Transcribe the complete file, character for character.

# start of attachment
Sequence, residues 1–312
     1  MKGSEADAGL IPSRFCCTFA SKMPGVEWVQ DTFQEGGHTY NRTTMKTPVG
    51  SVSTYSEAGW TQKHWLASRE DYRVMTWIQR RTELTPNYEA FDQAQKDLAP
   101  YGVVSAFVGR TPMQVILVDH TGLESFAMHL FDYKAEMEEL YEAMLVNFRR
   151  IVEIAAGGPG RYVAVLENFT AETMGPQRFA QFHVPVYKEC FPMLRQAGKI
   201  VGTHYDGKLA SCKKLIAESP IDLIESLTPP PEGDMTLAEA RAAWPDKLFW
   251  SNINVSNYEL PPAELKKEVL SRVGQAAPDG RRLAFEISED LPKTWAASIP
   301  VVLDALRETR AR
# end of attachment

Sequence, residues 1–312
     1  MKGSEADAGL IPSRFCCTFA SKMPGVEWVQ DTFQEGGHTY NRTTMKTPVG
    51  SVSTYSEAGW TQKHWLASRE DYRVMTWIQR RTELTPNYEA FDQAQKDLAP
   101  YGVVSAFVGR TPMQVILVDH TGLESFAMHL FDYKAEMEEL YEAMLVNFRR
   151  IVEIAAGGPG RYVAVLENFT AETMGPQRFA QFHVPVYKEC FPMLRQAGKI
   201  VGTHYDGKLA SCKKLIAESP IDLIESLTPP PEGDMTLAEA RAAWPDKLFW
   251  SNINVSNYEL PPAELKKEVL SRVGQAAPDG RRLAFEISED LPKTWAASIP
   301  VVLDALRETR AR